Priority Research Paper Volume 12, Issue 18 pp 17786—17799
Rapamycin maintains NAD+/NADH redox homeostasis in muscle cells
- 1 College of Veterinary Medicine, Northeast Agricultural University, Harbin 150030, China
- 2 Institute for Diabetes, Obesity, and Metabolism, Department of Physiology, Perelman School of Medicine, University of Pennsylvania, Philadelphia, PA 19104, USA
- 3 Britton Chance Laboratory of Redox Imaging, Department of Radiology, Perelman School of Medicine, University of Pennsylvania, Philadelphia, PA 19104, USA
- 4 Division of Trauma, Critical Care, and Emergency Surgery, University of Pennsylvania, Philadelphia, PA 19104, USA
- 5 Department of Clinical Sciences, Temple University School of Medicine, Philadelphia, PA 19104, USA
- 6 Institute of Translational Medicine and Therapeutics, University of Pennsylvania, Philadelphia, PA 19104, USA
Received: May 18, 2020 Accepted: August 3, 2020 Published: September 22, 2020https://doi.org/10.18632/aging.103954
How to Cite
Copyright: © 2020 Zhang et al. This is an open access article distributed under the terms of the Creative Commons Attribution License (CC BY 3.0), which permits unrestricted use, distribution, and reproduction in any medium, provided the original author and source are credited.
Rapamycin delays multiple age-related conditions and extends lifespan in organisms ranging from yeast to mice. However, the mechanisms by which rapamycin influences longevity are incompletely understood. The objective of this study was to investigate the effect of rapamycin on NAD+/NADH redox balance. We report that the NAD+/NADH ratio of C2C12 myoblasts or differentiated myotubes significantly decreases over time in culture, and that rapamycin prevents this effect. Despite lowering the NADH available to support ATP generation, rapamycin increases ATP availability, consistent with lowering energetic demand. Although rapamycin did not change the NAD+/NADH ratio or steady-state ATP concentration in the livers, kidneys, or muscles of young mice, optical redox imaging revealed that rapamycin caused a substantial decline in the NADH content and an increase in the optical redox ratio (a surrogate of NAD+/NADH redox ratio) in muscles from aged mice. Collectively, these data suggest that rapamycin favors a more oxidized NAD+/NADH ratio in aged muscle, which may influence metabolism and the activity of NAD+-dependent enzymes. This study provides new insight into the mechanisms by which rapamycin might influence the aging process to improve health and longevity among the aging population.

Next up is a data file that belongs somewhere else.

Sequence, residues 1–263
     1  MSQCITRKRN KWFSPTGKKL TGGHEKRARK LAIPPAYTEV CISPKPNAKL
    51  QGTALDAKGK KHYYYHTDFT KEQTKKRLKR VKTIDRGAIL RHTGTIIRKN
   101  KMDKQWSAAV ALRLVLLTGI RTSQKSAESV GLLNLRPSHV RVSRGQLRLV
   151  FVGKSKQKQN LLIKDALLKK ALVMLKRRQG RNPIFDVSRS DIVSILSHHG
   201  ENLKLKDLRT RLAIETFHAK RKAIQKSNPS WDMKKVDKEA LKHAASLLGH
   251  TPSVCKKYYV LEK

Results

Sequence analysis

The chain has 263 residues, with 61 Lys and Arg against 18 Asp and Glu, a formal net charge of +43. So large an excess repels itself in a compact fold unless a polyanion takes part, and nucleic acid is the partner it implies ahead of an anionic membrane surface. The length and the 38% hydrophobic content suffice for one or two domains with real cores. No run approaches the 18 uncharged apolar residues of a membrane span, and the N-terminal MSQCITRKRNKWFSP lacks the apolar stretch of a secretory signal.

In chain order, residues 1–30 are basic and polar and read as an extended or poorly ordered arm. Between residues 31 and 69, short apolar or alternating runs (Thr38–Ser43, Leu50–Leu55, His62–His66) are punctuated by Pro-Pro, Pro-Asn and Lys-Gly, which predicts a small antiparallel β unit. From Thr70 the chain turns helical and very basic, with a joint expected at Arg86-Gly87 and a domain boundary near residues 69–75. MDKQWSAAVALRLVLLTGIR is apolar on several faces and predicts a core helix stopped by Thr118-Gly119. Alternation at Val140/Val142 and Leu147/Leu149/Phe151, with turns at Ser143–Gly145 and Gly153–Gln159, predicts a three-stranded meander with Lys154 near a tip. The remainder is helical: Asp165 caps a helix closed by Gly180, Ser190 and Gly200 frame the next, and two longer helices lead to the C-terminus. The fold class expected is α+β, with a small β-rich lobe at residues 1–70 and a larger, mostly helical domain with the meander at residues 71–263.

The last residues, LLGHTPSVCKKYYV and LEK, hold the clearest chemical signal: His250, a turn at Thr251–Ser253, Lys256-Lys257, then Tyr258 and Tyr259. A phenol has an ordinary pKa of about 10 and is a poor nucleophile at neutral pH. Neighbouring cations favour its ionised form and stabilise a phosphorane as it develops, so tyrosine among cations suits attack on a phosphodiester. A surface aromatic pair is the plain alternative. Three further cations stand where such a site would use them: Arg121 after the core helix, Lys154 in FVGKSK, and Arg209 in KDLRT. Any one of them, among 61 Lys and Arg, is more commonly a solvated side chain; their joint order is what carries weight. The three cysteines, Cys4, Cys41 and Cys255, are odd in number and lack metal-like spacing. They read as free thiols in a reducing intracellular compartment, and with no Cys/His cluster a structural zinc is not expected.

NAD: nicotinamide adenine dinucleotide; NADH: reduced nicotinamide adenine dinucleotide; ATP: adenosine triphosphate; mTOR: mammalian target of rapamycin; Fp: oxidized flavoproteins containing flavin adenine dinucleotide; ROT: Rotenone; AA: Antimycin A.